Is your business considered a “covered entity”?
If so, the regulations of the Health Insurance Portability and Accountability Act (HIPAA) are clear. You need to set up a business associate agreement (BAA).
These need to be comprehensive, covering business associates and subcontractors.
If you’re only just learning about HIPAA, it’s important to act quickly.
If you don’t correctly protect personal health information (PHI), you could end up in a lot of trouble. Luckily, this article is here to help.
We’ll answer the question “what is a business associate agreement?” and talk you through some key requirements for building your own.
What is a business associate?
“Business associate” is a broad term. It covers anyone who performs activities for a covered entity that involve working with PHI.
Typically, covered entities do not carry out health care activities themselves, preferring instead to outsource these tasks to external organizations.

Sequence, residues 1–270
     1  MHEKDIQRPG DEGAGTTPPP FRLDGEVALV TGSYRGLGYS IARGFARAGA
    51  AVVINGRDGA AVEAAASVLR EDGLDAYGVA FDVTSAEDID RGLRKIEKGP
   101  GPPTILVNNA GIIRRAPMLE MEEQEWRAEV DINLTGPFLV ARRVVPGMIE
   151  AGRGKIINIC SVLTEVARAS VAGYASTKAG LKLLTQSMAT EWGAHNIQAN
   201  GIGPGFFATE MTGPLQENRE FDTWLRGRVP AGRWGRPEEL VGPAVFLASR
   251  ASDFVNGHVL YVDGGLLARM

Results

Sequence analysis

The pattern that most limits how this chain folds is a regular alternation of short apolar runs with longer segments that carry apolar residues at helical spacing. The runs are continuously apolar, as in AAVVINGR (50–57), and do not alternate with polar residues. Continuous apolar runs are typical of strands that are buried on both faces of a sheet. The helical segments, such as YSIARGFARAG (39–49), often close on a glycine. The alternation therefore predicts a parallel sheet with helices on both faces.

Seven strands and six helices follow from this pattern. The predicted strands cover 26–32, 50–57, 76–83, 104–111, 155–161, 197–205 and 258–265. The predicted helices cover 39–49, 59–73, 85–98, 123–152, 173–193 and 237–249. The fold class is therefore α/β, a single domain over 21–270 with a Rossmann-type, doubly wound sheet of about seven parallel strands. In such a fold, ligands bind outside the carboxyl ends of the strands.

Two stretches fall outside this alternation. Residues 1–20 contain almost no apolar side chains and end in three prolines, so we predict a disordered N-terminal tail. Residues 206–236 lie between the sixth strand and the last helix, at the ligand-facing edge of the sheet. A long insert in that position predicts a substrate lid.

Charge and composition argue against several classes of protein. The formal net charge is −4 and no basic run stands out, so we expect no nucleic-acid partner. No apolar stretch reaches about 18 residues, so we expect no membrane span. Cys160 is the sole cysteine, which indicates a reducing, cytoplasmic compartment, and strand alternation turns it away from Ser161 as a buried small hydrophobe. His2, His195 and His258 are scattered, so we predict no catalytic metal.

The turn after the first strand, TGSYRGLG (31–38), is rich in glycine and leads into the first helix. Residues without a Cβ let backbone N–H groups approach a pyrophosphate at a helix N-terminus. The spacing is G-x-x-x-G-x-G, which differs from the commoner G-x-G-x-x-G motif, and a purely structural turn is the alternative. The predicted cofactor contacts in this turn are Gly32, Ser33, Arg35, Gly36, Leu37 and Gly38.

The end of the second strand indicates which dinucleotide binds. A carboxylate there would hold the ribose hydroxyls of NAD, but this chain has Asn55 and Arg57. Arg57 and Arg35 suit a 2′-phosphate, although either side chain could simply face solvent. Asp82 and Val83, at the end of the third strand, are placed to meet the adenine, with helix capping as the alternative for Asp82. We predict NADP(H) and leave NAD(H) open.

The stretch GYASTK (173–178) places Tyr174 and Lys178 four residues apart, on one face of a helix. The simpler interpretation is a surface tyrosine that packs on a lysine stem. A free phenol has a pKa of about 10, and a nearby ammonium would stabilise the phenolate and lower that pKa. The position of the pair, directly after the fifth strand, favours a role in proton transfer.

When this happens, these providers are classed as business associates.
Below are some examples of business associates:
- Vendors that carry out file sharing
- Companies that service medical equipment containing PHI
- Services that translate files
- Cloud-based software providers
- Accountancy or consulting services
- File shredding services.
What is a covered entity?
According to HIPAA rules, a covered entity can be any of the following:
- A healthcare provider
- A healthcare clearinghouse
- A healthcare provider that electronically transmits PHI. This covers any transactions that the Department of Health and Human Services (HHS) has adopted standards for.